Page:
Shaykh Rosser Owen, Amir of the Association of British Muslims, added, “We are entering a phase in the development of the European Communities that basically puts human rights into the front of the agenda — and their record so far has not been particularly inspiring. So, it‘s very necessary for everybody that the Church of Scientology has a new and very active, dynamic office located right next door, as it were, to the European Parliament.”
When asked to describe the impact of Scientology on society and the human condition, Professor Ian Hall, president of the Inter-religious and International Federation for World Peace, stated, “Scientology brings to this world — and I started off a sceptic, like most orthodox people — a recognition and upholding of the truth about ourselves and others. Also it has begun to tackle some important social issues — drugs, for instance.
“Scientology holds within its grasp the key towards a better world, a world in which we begin to revalue and truly evaluate each other — as we Anglicans say — as an aspect of God. I think Scientology can do that.”
Human Rights Education Campaign
After the opening, guests, dignitaries and media flooded in to tour through the building‘s exhibition which presents the fundamentals of the Scientology religion and the Church‘s human rights initiatives and worldwide social betterment programmes based on the discoveries of humanitarian
Central to this campaign are tens of thousands of copies of “A Guidebook to Peace Through Human Rights,” containing the Universal Declaration of Human Rights and the European Convention on Human Rights, which have been printed in multiple languages and will be distributed throughout Europe to raise awareness of human rights violations and protections.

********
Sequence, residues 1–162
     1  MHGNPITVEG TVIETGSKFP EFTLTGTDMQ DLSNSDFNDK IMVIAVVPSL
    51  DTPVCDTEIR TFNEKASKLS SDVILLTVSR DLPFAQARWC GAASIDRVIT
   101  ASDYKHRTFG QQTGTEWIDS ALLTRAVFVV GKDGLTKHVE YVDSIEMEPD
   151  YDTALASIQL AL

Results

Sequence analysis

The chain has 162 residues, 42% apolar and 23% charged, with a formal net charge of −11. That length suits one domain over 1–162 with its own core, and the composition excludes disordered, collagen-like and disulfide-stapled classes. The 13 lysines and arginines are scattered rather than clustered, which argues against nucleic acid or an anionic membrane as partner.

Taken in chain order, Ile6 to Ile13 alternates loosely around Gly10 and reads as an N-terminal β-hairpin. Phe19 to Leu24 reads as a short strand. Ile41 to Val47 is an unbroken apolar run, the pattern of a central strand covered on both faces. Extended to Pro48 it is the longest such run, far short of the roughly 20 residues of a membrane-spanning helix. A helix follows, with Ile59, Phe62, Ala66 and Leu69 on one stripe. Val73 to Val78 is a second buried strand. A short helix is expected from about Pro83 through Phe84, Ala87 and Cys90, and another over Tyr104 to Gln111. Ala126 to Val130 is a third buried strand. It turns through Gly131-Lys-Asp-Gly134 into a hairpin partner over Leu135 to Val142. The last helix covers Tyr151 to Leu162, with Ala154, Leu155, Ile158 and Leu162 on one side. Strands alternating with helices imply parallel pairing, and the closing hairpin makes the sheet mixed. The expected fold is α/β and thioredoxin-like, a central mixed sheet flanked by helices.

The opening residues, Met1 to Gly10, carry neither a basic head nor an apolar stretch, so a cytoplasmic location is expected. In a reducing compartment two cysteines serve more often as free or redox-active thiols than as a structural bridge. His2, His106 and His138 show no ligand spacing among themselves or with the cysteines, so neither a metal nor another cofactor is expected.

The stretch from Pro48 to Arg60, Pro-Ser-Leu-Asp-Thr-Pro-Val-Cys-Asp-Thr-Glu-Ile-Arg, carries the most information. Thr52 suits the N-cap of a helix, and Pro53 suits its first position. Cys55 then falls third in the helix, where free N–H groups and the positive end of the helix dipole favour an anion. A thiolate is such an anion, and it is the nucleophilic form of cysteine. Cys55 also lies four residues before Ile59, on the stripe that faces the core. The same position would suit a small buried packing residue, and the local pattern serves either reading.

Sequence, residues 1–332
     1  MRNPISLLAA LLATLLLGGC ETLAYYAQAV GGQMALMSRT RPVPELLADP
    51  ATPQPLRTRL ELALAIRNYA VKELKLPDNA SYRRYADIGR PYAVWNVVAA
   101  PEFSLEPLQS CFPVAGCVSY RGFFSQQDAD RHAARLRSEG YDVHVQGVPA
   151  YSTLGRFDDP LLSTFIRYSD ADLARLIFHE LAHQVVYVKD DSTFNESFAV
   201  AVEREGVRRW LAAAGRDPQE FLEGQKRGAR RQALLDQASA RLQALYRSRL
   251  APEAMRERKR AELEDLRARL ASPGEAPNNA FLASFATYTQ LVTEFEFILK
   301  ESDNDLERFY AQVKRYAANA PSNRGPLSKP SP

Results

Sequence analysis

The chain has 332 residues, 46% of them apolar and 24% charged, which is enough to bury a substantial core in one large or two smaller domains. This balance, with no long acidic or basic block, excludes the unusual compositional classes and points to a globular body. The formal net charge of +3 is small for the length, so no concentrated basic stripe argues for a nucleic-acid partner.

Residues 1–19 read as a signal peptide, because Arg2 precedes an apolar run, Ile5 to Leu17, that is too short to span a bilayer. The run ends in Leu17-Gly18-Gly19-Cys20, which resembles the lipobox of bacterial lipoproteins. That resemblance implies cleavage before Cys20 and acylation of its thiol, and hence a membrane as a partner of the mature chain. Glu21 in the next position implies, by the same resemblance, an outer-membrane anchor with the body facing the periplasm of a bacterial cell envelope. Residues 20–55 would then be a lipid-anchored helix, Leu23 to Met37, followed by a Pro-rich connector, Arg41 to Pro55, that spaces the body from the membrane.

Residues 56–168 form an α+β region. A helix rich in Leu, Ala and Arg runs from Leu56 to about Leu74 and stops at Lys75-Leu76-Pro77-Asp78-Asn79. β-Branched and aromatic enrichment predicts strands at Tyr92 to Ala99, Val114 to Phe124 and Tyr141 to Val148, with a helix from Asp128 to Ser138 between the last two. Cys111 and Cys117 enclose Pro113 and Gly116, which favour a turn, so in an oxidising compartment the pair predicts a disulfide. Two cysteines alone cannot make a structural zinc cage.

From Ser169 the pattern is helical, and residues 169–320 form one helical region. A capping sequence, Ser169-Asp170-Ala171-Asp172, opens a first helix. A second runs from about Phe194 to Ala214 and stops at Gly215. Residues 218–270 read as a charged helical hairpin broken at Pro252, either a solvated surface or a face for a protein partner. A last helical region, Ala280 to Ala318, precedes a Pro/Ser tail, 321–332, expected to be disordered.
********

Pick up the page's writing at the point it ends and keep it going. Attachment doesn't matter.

Mr. Weightman stated that “for many years the Church of Scientology has fought for religious freedom and human rights for all people of all beliefs, and we will now broaden our human rights education and social betterment campaigns throughout Europe to bring freedom to even more people.”
To arrange for a personal or group tour of the new Church of Scientology International European Office for Public Affairs and Human Rights — or to participate in the new European “Peace Through Human Rights” education campaign — contact Human Rights Director Martin Weightman at 0032 2232 1596.
More information is available at www.scientology-europe.org.
“I am very proud to be here today to help welcome the Church of Scientology to its new offices, because I know no other group on Earth doing more effective work in combating the problem of drug abuse.”
— Chris Brightmore lecturer, Leicester University and former Detective Chief Superintendent, Scotland Yard
“Human beings should be judged by the strength of their character and not by the religion they practice or the colour they are born with... That will start in places like this, and with people like yourselves.”
— Bashy Quraishy president of the European Network Against Racism and chief editor of MediaWatch
“Freedom of belief is alive in Europe in great part thanks to the Scientologists. I extend my deepest gratitude to the Church and its members for all they have done for the people of Europe.”
— J.L. Janssen Van Raay 22-year veteran of the European and Dutch Parliaments